Animal Minds; Archbishop Desmond Tutu; Weird But True; ‘Jeopardy!’ Kids Week; Family Project
On newsstands June 1
Additional Web content at kids.nationalgeographic.com
Mind Games (cover story) — New research suggests some clever animals engage in mental time travel and may actually plan ahead. National Geographic Kids examines the theory and meets smart creatures from around the world, including a scrub jay, a western lowland gorilla and a pig. Page 20.
Meet Archbishop Desmond Tutu — Promote world peace. Ease human suffering. Find solutions to climate change. These are goals that The Elders — a group of 12 famous world leaders — work toward achieving. National Geographic Kids talks with South Africa’s Archbishop Desmond Tutu, winner of the Nobel Peace Prize and chairman of The Elders. Page 7.
Weird But True — Check out outrageous facts from National Geographic Kids, including: Elephants can be left- or right-tusked, just as people are left- or right-handed; penguins swim up to 3,100 miles in a year; ants have two stomachs; the world’s tallest tree is 379.1 feet tall, which is as high as 188 school desks stacked up. Plus: Submit a weird, wacky fact to National Geographic Kids for possible inclusion in an upcoming “Weird But True” book. Deadline is July 5, 2010. Page 4.
Secrets of “Jeopardy!” Kids Week — Ten thousand kids take the “Jeopardy!” online test every year, but only 15 make it to Kids Week. National Geographic Kids is on set to unlock the quiz show’s behind-the-scenes secrets. Is it just coincidence that contestants seem to be the same height? Why doesn’t anyone ever wear stripes? What happens if you need a bathroom break? Plus: NG Kids will have its own category during “Jeopardy!” Kids Week on July 7. Check local listings. Page 2.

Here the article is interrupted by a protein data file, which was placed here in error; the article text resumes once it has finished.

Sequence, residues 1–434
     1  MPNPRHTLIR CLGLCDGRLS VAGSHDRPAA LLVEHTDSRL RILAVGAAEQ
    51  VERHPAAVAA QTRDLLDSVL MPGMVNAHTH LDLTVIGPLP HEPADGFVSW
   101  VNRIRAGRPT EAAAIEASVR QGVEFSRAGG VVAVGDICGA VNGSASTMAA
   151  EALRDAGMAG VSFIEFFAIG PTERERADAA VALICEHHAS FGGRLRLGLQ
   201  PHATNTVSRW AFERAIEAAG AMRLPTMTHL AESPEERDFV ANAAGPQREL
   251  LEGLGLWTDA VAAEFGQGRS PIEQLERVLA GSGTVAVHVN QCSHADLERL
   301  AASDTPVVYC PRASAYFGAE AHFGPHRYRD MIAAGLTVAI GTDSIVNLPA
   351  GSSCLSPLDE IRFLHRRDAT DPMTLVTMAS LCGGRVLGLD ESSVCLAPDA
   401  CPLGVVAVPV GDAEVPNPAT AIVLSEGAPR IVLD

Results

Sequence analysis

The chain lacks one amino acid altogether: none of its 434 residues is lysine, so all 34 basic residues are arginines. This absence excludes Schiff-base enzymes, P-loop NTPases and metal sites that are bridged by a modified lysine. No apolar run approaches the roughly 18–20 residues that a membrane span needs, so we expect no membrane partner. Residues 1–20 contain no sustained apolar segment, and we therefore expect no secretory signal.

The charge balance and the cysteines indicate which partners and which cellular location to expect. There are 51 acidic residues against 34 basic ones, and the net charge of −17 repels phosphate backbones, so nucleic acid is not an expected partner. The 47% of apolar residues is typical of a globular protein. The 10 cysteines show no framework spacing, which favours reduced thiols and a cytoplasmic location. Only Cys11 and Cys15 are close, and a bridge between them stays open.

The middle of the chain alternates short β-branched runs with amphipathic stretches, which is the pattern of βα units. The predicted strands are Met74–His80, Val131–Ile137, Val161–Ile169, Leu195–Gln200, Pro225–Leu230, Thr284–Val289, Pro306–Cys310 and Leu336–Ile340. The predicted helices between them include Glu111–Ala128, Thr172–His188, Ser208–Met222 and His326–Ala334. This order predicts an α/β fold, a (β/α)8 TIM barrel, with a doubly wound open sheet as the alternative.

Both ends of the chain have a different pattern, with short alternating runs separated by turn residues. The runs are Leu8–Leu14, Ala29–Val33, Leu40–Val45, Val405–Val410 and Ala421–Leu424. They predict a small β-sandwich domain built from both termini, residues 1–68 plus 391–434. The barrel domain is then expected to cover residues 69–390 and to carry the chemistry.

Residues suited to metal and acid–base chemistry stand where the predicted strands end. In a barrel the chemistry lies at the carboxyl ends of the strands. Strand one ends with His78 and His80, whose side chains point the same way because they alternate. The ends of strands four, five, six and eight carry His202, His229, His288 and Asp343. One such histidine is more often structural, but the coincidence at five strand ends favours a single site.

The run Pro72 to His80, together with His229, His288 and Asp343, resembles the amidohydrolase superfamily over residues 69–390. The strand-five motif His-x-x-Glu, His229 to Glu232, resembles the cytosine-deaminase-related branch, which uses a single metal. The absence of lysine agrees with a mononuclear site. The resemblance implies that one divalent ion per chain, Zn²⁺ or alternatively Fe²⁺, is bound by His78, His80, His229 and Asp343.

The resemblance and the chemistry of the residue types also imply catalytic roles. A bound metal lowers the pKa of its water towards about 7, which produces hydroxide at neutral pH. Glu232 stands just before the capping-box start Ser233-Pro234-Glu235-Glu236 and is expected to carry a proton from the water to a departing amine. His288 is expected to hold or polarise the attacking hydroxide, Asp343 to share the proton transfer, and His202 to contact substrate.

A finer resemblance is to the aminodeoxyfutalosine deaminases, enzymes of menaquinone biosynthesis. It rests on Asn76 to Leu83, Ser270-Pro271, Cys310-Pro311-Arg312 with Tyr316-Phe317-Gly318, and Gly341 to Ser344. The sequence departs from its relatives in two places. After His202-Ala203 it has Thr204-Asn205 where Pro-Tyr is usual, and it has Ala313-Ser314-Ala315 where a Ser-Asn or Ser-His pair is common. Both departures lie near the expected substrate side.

Family Project: Whimsical Mailbox — Spice up the neighborhood this summer and create the wildest mailbox on the block. National Geographic Kids provides a materials list and step-by-step instructions for making a whimsical undersea-scene mailbox. Did you know: According to U.S. Postal Service regulations, the street number must be at least one inch tall and appear in a contrasting color on the flag side of a mailbox. Plus: Check out some wacky mailboxes from around the world. Page 8.
Other Features — “Great Family Getaways” discovers the ultimate water parks. Go behind the scenes of two summer blockbusters: “Toy Story 3” and “Marmaduke.” “Amazing Animals” meets a bonobo that flosses, a life-saving parrot and an otter that loves dogs. “Guinness World Records” spotlights a Rubik’s cube-solving robot, the world’s tallest cake and a death-defying tightrope walker. “Cool Inventions” highlights a movable house, a pen that listens and a futuristic chair that resembles the anatomy of a superhuman body.
National Geographic Kids, a multitopic, photo-driven magazine for 6- to 14-year-olds, empowers its readers by making it fun to learn about the world. Its numerous industry awards include Periodical of the Year in 2005 and 2006 from the Association of Educational Publishers. Published 10 times a year, National Geographic Kids has a circulation of 1.1 million and is available by subscription for $19.95 a year and on newsstands for $4.99 a copy. Its website is at kids.nationalgeographic.com.